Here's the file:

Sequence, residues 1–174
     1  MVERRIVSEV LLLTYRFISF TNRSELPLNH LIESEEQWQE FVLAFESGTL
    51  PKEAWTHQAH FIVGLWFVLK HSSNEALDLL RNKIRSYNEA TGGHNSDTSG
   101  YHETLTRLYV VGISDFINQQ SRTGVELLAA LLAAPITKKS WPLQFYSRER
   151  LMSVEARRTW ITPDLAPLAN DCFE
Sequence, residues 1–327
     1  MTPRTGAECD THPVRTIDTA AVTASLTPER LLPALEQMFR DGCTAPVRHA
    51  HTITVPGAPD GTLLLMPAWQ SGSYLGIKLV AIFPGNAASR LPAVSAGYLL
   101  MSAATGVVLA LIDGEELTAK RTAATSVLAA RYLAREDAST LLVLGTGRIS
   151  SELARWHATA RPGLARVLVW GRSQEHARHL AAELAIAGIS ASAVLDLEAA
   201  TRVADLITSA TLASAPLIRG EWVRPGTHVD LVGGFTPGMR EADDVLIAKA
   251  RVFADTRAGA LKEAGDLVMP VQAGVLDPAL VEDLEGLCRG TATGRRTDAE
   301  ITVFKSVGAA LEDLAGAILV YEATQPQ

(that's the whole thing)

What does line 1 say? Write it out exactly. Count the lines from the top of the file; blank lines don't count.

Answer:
Sequence, residues 1–174